Finance Q&A: What Is the Best Way to Save for College?
- Wednesday, May 11, 2011
Editor's Note: Do you have a question about your finances? Crosswalk.com welcomes financial columnist, Deborah Nayrocker. Deborah will be answering selected readers' questions in her monthly column. To submit your question, email us at: email@example.com.
We’re not sure how to save for our children’s college. The colleges we’d like them to attend don’t accept any federal financial aid. We don’t think we’ll be able to use the 529 plans or Coverdell plans without having to pay a penalty to use these funds at a non -government approved college. Do you have any advice on how we can save for college? – Brian
It’s no secret that tuition costs continue to go up. Yet, young people who choose to skip a college education have fewer career options available to them. The fact that you’re thinking ahead about your child’s education is already a plus.
The term “federal financial aid” means different things to different learning institutions. Don’t assume they don’t accept money from pre-tax savings funds.
For instance, although Hillsdale College, Michigan, doesn’t accept federal monies, it has a unique status, says Richard Moeggenberg, Director of Financial Aid. He states that Hillsdale College is an “eligible institution with respect to HOPE [replaced by The American Opportunity Tax Credit through tax year 2012] and Lifetime Learning Tax Credits as well as other provisions of the Internal Revenue Code. This unique status was granted to Hillsdale by the US Department of Education in 2004—and this eligibility has indeed been extended to pre-tax college savings plans.”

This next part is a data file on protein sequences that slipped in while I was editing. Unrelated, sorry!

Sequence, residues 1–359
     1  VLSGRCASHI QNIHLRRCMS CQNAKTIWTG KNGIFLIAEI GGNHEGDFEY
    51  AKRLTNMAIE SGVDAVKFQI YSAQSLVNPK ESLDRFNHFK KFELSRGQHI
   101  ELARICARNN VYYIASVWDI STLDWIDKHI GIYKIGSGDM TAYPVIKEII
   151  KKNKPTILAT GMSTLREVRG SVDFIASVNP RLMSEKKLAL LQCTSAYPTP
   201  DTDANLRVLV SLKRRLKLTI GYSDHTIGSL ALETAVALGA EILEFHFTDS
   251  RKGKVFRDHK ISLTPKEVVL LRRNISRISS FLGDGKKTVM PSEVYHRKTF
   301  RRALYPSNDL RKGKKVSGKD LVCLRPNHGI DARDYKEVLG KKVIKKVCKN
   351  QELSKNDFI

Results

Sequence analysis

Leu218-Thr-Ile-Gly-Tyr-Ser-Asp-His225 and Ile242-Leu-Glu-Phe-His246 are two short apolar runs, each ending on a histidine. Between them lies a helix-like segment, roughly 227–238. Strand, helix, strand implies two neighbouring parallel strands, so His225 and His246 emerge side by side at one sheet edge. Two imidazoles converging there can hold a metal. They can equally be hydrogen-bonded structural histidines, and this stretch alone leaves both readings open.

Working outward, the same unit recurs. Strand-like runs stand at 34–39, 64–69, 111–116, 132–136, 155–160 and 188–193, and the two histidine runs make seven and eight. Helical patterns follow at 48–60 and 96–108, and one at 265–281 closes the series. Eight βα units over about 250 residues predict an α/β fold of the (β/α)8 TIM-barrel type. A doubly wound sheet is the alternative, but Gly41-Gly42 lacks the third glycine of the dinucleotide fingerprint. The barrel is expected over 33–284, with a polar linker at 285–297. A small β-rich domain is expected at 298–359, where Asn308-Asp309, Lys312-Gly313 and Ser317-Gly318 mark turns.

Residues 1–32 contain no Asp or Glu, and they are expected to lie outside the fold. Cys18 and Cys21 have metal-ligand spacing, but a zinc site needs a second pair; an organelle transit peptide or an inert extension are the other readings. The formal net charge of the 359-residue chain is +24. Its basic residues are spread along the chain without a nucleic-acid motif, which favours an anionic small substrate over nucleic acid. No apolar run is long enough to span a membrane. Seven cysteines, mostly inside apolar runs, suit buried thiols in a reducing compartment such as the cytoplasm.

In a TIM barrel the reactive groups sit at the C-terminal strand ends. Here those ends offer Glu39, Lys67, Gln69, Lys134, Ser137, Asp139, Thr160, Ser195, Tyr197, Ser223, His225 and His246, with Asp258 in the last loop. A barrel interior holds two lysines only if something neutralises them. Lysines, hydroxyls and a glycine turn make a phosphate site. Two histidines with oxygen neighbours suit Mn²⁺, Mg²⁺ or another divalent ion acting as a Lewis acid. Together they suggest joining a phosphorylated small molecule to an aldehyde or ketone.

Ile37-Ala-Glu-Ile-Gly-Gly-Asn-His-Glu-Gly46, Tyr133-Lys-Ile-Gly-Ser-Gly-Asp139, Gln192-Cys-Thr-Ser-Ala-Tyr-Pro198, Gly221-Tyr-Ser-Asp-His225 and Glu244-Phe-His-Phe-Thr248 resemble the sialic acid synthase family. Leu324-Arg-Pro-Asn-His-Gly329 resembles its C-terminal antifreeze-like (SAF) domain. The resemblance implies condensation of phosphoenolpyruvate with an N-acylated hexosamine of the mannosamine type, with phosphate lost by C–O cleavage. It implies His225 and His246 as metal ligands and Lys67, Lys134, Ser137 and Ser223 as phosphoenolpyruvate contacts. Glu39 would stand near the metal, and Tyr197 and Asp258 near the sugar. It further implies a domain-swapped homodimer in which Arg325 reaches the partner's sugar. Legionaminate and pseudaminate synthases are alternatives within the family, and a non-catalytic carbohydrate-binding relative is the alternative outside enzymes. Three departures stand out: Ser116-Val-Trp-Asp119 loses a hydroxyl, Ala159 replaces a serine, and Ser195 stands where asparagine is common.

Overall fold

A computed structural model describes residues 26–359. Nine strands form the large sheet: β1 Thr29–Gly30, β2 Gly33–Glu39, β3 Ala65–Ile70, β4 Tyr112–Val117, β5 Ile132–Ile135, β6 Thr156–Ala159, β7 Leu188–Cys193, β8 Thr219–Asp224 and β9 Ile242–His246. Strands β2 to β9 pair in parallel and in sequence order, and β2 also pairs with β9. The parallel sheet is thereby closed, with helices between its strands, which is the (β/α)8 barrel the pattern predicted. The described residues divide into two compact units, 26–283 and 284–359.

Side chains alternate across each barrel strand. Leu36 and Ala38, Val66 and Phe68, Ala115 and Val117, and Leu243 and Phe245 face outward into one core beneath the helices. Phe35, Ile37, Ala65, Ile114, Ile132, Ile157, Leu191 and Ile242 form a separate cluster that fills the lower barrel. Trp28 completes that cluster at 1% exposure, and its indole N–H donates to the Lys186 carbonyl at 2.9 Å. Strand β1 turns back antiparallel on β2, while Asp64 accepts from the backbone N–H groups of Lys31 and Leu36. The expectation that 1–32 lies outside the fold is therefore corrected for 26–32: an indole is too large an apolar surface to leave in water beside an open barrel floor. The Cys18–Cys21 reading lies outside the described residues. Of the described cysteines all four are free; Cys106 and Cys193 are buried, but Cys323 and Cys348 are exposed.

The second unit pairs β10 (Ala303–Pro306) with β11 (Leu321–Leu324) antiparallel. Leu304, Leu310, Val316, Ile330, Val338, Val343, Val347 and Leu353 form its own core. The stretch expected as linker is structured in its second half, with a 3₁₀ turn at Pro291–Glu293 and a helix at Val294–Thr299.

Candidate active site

Moody Bible Institute does not use any Federal Loan programs, according to its Web site. However, under the Title IV Federal Student Aid programs, they now accept Federal Pell Grants. Tuition-paying students may qualify for up to $5,550 a year in Pell Grants. To qualify or receive this grant, the Free Application for Federal Student Aid (FAFSA) needs to be completed.
Other savings options to consider are education savings accounts, regular savings accounts, certificates of deposit, and money market accounts.
I suggest you contact your colleges of interest with any financial aid questions you may have. Besides offering performance-based scholarships, many of them offer need-based scholarships and grants.
Copyright 2011 Deborah Nayrocker. All rights reserved. Permission to reprint required.
Deborah Nayrocker is the author of The Art of Debt-Free Living and the popular Bible study Living a Balanced Financial Life. She is an award-winning writer and columnist. Her Web site is www.artofdebt-freeliving.com.
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